After installing [Stable Update] 2020-09-11" Seeing boot message "running early hook [udev]"

After installing the lastest update " [Stable Update] 2020-09-11 - Kernels, Gnome 3.36.6, MHWD, Pamac, VirtualBox I’m seeing the following in the boot messages:

::running early hok [udev]
Starting version 246.4-1-manjaro
:: running hook [udev]
:: Triggering uevents ...

Environment Details:
System: Host: hanna Kernel: 5.4.64-1-MANJARO x86_64 bits: 64 compiler: gcc v: 10.2.0
Desktop: GNOME 3.36.6 tk: GTK 3.24.23 wm: gnome-shell dm: GDM 3.36.3
Distro: Manjaro Linux

 sudo pacman-mirrors -G                                                           1 

Question, What does these messages mean? My second laptop does not show this message when it boots. Thank you.

It’s nothing to worry about. It’s just verbosity from the initramfs. udev is your device manager, and it has to create the device special files through which userspace can communicate with the hardware. These device special files live on a devtmpfs, a virtual-memory-based filesystem that gets mounted at /dev during the boot process.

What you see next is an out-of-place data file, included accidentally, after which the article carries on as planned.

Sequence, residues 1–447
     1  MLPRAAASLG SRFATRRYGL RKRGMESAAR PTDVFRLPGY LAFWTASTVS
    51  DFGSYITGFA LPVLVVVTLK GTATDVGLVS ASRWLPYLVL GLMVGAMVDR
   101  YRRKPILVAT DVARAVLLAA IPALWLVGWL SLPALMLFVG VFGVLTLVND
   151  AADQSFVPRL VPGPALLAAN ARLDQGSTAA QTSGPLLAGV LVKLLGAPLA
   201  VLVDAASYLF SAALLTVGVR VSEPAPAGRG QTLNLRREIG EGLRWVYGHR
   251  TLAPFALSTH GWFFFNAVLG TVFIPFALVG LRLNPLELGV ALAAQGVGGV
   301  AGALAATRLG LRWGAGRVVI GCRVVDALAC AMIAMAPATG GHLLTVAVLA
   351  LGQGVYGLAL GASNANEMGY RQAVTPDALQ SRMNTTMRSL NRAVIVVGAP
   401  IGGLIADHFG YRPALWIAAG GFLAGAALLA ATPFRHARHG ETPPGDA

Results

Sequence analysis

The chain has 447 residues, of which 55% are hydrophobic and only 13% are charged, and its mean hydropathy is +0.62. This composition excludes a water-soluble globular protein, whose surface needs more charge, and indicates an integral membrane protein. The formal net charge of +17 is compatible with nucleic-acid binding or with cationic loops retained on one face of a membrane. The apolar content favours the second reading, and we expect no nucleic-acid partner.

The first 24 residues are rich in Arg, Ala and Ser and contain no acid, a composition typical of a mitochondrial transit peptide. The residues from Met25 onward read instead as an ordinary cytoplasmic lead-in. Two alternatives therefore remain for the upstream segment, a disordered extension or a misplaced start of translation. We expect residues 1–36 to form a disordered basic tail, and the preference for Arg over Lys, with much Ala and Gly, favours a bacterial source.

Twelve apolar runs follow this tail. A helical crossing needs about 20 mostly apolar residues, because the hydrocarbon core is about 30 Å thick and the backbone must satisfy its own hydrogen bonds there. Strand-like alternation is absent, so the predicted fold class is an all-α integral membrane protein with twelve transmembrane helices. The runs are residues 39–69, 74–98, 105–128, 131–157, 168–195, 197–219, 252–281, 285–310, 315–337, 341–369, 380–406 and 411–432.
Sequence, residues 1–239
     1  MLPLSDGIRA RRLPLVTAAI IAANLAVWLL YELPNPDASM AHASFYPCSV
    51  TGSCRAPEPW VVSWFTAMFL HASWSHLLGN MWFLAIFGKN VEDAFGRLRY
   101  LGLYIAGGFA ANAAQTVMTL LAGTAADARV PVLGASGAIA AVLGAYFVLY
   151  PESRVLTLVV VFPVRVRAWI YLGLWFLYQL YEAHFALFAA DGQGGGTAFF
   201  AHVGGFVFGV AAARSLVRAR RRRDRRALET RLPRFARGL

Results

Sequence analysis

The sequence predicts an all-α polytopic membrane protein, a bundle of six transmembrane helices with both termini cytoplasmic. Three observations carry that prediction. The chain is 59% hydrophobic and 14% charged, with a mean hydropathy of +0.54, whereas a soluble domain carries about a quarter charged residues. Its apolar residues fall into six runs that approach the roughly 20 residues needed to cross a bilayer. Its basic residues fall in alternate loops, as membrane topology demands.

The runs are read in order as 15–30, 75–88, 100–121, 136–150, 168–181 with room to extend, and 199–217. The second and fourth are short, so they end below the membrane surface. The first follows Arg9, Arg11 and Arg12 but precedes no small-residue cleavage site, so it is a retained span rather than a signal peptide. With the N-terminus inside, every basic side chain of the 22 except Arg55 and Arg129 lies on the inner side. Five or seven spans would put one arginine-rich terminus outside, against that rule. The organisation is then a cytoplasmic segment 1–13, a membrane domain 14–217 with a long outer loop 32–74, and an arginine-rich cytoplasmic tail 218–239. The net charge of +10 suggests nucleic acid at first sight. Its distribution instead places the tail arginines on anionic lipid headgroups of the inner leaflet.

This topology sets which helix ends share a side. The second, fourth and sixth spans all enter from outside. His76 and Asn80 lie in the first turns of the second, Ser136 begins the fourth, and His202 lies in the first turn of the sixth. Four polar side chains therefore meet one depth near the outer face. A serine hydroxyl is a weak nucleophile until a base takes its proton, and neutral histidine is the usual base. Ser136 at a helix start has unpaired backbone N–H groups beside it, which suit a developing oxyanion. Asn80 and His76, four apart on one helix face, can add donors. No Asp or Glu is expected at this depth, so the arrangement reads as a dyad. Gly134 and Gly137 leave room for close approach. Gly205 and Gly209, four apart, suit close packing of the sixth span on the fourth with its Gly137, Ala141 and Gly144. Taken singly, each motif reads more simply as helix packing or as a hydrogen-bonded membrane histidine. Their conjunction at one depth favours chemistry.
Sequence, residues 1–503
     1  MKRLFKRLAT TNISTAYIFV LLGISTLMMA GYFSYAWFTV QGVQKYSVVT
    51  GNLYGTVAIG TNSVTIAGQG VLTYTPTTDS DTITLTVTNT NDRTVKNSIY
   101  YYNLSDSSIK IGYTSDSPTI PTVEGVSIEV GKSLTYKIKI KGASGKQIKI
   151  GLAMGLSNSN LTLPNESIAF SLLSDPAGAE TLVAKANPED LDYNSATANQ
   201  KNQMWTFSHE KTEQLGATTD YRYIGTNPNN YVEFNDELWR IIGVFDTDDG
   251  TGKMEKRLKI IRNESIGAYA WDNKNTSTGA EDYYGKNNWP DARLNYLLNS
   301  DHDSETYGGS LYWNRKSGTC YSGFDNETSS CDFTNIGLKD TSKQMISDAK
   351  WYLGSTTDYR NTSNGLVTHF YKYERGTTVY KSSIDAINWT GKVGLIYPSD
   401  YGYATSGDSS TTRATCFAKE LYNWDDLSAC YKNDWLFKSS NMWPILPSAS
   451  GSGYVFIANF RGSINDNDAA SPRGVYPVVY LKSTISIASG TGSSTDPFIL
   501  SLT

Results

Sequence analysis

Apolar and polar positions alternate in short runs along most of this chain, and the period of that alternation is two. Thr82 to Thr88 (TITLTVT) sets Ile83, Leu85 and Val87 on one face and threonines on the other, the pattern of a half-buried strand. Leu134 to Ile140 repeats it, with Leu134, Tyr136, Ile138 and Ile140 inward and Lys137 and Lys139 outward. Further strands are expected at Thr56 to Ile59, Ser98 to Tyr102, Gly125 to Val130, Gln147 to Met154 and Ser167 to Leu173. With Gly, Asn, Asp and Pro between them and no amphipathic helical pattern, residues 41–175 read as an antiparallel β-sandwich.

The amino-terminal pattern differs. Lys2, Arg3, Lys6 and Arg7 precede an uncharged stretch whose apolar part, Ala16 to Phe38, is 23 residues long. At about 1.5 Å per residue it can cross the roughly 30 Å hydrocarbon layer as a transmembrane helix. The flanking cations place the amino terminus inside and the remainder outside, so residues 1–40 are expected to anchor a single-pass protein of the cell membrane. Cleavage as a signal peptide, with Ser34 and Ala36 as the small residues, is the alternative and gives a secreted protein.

The fact that you may not be seeing that on the other laptop could be due to a whole variety of reasons, such as…

  • having the quiet boot parameter in /etc/default/grub, which suppresses boot-time verbosity;
  • a different boot-time configuration; or
  • different hardware.

Thanks for the feedback. I was questioning because both laptops have verbose startups (quiet not set in Grub configuration file) so I can easily see if a service fails or something marked red. To be honest it is getting harder to see things (age) + I have an SSD in the machine :slight_smile:

Based on talking to other people in the forums it seems I should use the command "journalctl -b " to look for boot error messages. Should I be using a different command so I could research the messaging I mentioned?


You could try…

dmesg | less

… shortly after booting ─ you may need to do that with sudo ─ but what you are seeing is not an error message. It’s only verbosity of what the initramfs is doing. :wink:

It’s also kernel-dependent, by the way. Newer kernels might be more verbose. :slight_smile:

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